Prophet Muhammad (pbuh) said, "O people! The month of Ramadan has come with His mercy, blessing and forgiveness. Allah has decreed this month the best of all months. Its days are the best among days, its nights the best among nights, and its hours the best among hours. This is a month in which you have been invited by Him to fast and pray. Allah has honoured you in it. Every breath you take in this month has the reward of praise of Allah. Your good deeds are accepted and your invocations answered.”

Therefore we must invoke our Lord in earnest, with hearts that are free from sin and evil, and pray that Allah helps us fast, recite the Qur'an, give alms to the poor and the needy. Pay respect to our elders, have sympathy for our youngsters and be kind toward our relatives and kinsfolk. Guard our tongue against unworthy words, and protect our eyes and our ears from the evils that should not be seen or heard.

Ramadan is also the month in which the Qur'an was revealed. The moral and spiritual climate of Ramadan helps the Qur'anic message of goodness, humility, righteousness the love for good and aversion for evil to flourish within us. Thus fasting elevates us towards a higher spiritual level.

Fasting is not only limited to Muslims, the Bible also refers to fasting in the following verses:

“Yet when they were ill, I put on sackcloth and humbled myself with fasting. When my prayers returned to me unanswered” Psalm (35:13)

“So I turned to the Lord God and pleaded with him in prayer and petition, in fasting, and in sackcloth”. (Daniel 9:3)

“After fasting forty days and forty nights, he was hungry.” (Matthew 4:2)

“Paul and Barnabas appointed elders for them in each church and, with prayer and fasting, committed them to the Lord, in whom they had put their trust.” (Acts 14:23)

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Export Processing Zones: How to Get SEZA to Sizzle

23rd September 2020
Export Processing Zone (EPZ) factory in Kenya

In 2005, the Business & Economic Advisory Council (BEAC) pitched the idea of the establishment of Special Economic Zones (SEZs) to the Mogae Administration.

It took five years before the SEZ policy was formulated, another five years before the relevant law was enacted, and a full three years before the Special Economic Zones Authority (SEZA) became operational.

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Egypt Bagged Again

23rd September 2020

… courtesy of infiltration stratagem by Jehovah-Enlil’s clan

With the passing of Joshua’s generation, General Atiku, the promised peace and prosperity of a land flowing with milk and honey disappeared, giving way to chaos and confusion.

Maybe Joshua himself was to blame for this shambolic state of affairs. He had failed to mentor a successor in the manner Moses had mentored him. He had left the nation without a central government or a human head of state but as a confederacy of twelve independent tribes without any unifying force except their Anunnaki gods.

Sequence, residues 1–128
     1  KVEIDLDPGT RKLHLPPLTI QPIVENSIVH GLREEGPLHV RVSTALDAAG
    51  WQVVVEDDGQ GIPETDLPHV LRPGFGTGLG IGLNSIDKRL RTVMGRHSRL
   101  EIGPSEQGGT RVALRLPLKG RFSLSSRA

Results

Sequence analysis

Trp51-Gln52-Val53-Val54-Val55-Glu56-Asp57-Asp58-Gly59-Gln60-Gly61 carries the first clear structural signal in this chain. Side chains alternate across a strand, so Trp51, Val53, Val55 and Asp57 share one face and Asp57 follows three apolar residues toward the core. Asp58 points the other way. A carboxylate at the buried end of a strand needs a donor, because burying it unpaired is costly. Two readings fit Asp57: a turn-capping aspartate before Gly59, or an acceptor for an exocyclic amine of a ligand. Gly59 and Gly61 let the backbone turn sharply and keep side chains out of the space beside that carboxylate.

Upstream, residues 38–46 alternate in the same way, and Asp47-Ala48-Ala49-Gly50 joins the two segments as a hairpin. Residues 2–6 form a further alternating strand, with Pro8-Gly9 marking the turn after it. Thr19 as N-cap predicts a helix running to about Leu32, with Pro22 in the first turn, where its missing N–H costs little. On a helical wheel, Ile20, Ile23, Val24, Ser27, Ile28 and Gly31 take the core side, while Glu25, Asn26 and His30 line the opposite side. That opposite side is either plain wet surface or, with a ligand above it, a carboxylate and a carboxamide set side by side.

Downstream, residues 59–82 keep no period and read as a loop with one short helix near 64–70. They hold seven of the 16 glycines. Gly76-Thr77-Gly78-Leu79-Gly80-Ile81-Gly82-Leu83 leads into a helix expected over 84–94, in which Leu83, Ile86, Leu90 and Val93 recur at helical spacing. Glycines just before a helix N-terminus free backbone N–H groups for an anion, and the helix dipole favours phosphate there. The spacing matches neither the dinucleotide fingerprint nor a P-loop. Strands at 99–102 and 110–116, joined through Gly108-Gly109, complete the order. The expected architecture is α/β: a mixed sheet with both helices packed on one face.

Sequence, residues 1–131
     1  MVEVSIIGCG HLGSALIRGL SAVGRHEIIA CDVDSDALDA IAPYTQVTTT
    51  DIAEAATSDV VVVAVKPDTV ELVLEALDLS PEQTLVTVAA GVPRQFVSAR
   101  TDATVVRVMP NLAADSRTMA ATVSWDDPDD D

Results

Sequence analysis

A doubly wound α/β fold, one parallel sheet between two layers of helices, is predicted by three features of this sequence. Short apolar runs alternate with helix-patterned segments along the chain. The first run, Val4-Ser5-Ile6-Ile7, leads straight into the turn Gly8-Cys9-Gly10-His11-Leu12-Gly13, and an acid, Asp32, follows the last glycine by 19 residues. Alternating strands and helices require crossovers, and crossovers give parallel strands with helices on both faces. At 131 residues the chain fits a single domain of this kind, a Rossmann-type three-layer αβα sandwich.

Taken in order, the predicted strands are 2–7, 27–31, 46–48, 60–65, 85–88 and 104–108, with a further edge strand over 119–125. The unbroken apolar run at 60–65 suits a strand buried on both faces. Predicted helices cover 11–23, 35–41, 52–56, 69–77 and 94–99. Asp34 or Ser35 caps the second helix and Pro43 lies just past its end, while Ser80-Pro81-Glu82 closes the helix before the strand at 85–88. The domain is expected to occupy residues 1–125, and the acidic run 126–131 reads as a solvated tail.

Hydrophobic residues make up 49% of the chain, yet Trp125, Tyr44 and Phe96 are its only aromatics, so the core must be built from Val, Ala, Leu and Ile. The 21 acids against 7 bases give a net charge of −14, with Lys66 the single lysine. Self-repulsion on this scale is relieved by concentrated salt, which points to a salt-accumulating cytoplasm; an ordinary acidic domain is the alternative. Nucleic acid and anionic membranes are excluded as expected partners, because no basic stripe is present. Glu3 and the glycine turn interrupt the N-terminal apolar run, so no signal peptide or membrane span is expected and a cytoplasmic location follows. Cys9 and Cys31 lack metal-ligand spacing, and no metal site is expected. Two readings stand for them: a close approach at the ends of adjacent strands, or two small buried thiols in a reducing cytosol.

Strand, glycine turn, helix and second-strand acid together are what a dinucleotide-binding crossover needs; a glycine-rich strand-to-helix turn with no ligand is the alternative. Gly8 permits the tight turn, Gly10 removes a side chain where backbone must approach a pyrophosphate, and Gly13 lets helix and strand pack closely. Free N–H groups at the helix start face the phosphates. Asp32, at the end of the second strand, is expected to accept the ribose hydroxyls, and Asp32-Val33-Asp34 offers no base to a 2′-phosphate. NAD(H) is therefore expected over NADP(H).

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23rd September 2020

If I say the word ‘robot’ to you,  I can guess what would immediately spring to mind –  a cute little Android or animal-like creature with human or pet animal characteristics and a ‘heart’, that is to say to say a battery, of gold, the sort we’ve all seen in various movies and  tv shows.  Think R2D2 or 3CPO in Star Wars, Wall-E in the movie of the same name,  Sonny in I Robot, loveable rogue Bender in Futurama,  Johnny 5 in Short Circuit…

Of course there are the evil ones too, the sort that want to rise up and eliminate us  inferior humans – Roy Batty in Blade Runner, Schwarzenegger’s T-800 in The Terminator,  Box in Logan’s Run,  Police robots in Elysium and  Otomo in Robocop.

And that’s to name but a few.  As a general rule of thumb, the closer the robot is to human form, the more dangerous it is and of course the ultimate threat in any Sci-Fi movie is that the robots will turn the tables and become the masters, not the mechanical slaves.  And whilst we are in reality a long way from robotic domination, there are an increasing number of examples of  robotics in the workplace.

ROBOT BLOODHOUNDS Sometimes by the time that one of us smells something the damage has already begun – the smell of burning rubber or even worse, the smell of deadly gas. Thank goodness for a robot capable of quickly detecting and analyzing a smell from our very own footprint.

A*Library Bot The A*Star (Singapore) developed library bot which when books are equipped with RFID location chips, can scan shelves quickly seeking out-of-place titles.  It manoeuvres with ease around corners, enhances the sorting and searching of books, and can self-navigate the library facility during non-open hours.